Title: No More Letters
Rating: Light R
Disclaimer: Kubo owns. I only play. You do not sue.
Warning: Massive spoilers for the current arc (up to chapter 512).
Summary: Renji has always reached above his station; he's always presumed too much.
Note: Written for Short Precarious Anecdote Month.
Renji wakes to a world filled with nothing but sound. Far above his aching head, people bark orders, feet bound on the flat dirt of a road, leaves rustle and doors bang.
Renji's mouth is dry, his breaths shallow; he smells blood and the rain-soaked dust of ground-up rocks upon which his broken body lies, Zabimaru's hilt clutched in limp fingers.
Zabimaru. There was fighting. Soul Society was invaded. The Quincy Sternritter, like a late summer storm.
Renji's heart beats faster and the taste of blood in his mouth intensifies. Sunlight assaults his eyes as he blinks them open but there is nothing above him except for pregnant grey clouds. He lifts his head a little and sees the massive spray of blood on the wall across the square as his memories trickle back.
Senbonzakura's deadly petals ravage Byakuya in slow motion. Renji hears himself screaming as he charges, and then all is silent.
Blood on the wall.
Byakuya. Renji tries to call his name but his lips do not move.
By the wall, there is an unmoving body, and Renji wishes he could unsee the number on that haori.
Where is Byakuya's sword? Where is Senbonzakura? Renji struggles to move, but the blood in his mouth tastes exactly like despair. No one could be alive after losing so much blood. He cannot sense Byakuya's reiatsu, and the absence of Senbonzakura can only mean he's dead.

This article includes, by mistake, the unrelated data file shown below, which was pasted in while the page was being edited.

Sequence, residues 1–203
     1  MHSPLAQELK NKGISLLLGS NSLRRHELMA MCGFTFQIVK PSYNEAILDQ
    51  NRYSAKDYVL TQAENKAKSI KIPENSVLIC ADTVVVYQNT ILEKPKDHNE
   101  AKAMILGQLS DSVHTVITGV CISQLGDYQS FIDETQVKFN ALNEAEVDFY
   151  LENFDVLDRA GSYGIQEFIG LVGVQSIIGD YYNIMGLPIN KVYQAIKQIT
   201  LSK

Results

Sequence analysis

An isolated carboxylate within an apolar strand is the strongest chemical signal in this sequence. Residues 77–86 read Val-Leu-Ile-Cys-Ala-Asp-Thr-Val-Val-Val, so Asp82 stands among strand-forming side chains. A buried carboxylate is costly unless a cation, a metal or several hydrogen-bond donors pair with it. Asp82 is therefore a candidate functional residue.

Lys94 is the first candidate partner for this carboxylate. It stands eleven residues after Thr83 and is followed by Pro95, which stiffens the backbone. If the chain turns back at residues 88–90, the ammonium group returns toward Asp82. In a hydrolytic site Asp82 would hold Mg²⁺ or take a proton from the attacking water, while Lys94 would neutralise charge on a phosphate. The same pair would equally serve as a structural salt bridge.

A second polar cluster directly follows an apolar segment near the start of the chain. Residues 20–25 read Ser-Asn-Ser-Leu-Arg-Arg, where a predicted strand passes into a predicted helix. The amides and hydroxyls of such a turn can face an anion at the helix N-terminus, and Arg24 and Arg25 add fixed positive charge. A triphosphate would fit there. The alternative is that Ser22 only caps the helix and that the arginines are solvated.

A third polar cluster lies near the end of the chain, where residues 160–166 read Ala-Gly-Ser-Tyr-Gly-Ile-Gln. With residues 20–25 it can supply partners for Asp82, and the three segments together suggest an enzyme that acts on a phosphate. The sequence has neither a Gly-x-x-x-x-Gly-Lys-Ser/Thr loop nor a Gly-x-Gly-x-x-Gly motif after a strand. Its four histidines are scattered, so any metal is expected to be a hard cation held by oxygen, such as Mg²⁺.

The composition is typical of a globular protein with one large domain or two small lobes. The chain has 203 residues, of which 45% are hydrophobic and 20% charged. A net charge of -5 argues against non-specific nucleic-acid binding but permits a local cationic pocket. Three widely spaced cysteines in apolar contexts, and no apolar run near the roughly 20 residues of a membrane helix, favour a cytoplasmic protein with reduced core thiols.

Where is the Fourth Division?
Renji shuts his eyes. Of all the ways he thought he could lose his captain, death was ever but a distant tenth. Byakuya, named aptly after an endless arctic night that took away your breath with beauty and chilled you to the quick with nameless fear. The man Renji hated, envied, admired, and then loved hopelessly.
After Aizen's capture, Byakuya doffed the kenseikan and ginpaku kazahana no uzuginu -- he said he was unfit to wear them, unfit to lead the Kuchiki clan. Someone who could allow an abomination like Aizen to exist alongside him for so many decades had centuries to live before he could protect his own honour, let alone someone else's.
Without these symbols of power, it became harder for Renji to keep a respectful distance. His lovesick soul interpreted the loss of status as a sign that they could become equals, that he could offer his love to Byakuya, but Renji was no fool. He learned the lesson about the monkey and the moon, and he learned it very well, so he went to his captain and knelt and bowed his head and begged for a demotion.
"Why?" Byakuya asked then. "Why, Renji?"
Renji looked up at him. "Ever since I met you, I only wanted your attention, and for a long time I did not understand what that meant, but I do now. I love you, Captain Kuchiki. Yet I know it is foolish for a dog like me to even hope--"
"Say no more," Byakuya said. "Go and finish your duties for the day. If you still wish to be demoted tomorrow morning, come and ask me again."
Stunned equally by Byakuya's tacit rejection and his reluctance to let go, Renji did as instructed. When he returned to his quarters to retire for the night, he found a letter tucked beneath the door.